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Clay Bar Guide

Discussion in 'Detailing' started by jesters3, May 19, 2008.

  1. jesters3
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    jesters3 Active Member

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    Courtesy and thanks to Detail University and Jon Miller(http://www.detailuniversity.com/for...ilers-automotive-clay-article-jon-miller.html)

    Detailers Automotive Clay: - An Article by Jon Miller
    The advent of detailer's clay is an example of why it's important to stay in touch with the innovations made in the detailing industry. New products, chemicals, technologies and ideas are constantly being introduced.

    When automotive clay was first introduced there were reports of paint damage due to improper use. With education on correct application methodology this is no longer a problem. It amazes me how many professional detailer’s do not know what detailing clay is capable of, let alone how or why they should use it. For the rest of us who have been using it for ten or more years, we can't imagine being without it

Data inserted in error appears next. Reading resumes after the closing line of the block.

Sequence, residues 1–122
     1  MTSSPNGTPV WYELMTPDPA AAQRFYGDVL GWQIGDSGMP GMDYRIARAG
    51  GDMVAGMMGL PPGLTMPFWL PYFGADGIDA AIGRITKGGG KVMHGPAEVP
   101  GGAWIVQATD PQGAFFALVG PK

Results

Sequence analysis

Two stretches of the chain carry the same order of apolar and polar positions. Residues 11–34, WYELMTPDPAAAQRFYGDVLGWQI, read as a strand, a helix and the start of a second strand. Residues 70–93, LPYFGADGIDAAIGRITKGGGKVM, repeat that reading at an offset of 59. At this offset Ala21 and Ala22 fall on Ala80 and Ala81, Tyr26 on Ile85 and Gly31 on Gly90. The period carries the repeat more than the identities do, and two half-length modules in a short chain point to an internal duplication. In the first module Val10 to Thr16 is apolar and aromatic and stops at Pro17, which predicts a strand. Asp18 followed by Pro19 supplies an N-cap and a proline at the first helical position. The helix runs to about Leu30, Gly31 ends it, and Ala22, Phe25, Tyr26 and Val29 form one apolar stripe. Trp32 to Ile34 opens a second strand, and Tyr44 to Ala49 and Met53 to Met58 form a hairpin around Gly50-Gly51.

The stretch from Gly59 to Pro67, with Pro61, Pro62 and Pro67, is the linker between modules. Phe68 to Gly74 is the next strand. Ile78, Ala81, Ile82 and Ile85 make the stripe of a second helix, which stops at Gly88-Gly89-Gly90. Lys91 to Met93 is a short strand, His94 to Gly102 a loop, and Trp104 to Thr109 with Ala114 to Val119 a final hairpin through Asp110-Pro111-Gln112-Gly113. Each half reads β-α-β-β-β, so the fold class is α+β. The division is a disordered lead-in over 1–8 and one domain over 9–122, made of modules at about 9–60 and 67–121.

Even new cars that have been setting on a car dealerships lot for a few weeks can accumulate contamination that bonds to the paint surface; don't assume a vehicle that looks good is contamination free. Do a ‘Bag Test’ place some saran wrap or a zip lock bag over your hand and rub across the finish lightly. Every snag you feel is a surface contaminant that the clay bar can remove but you may not be able to see, especially on white or light coloured vehicle surfaces.

    Acid rain, road salt, tree sap and airborne contaminants are very detrimental to a vehicles paint film surface. Brake dust or rail dust is very small, almost microscopic particles of steel, iron or their alloys. These particles carry a positive charge (due to friction) while the vehicles they land on are carrying a negative charge. The vehicle surface becomes a magnet, attracting and bonding the ferrous metal particles to the vehicle surface.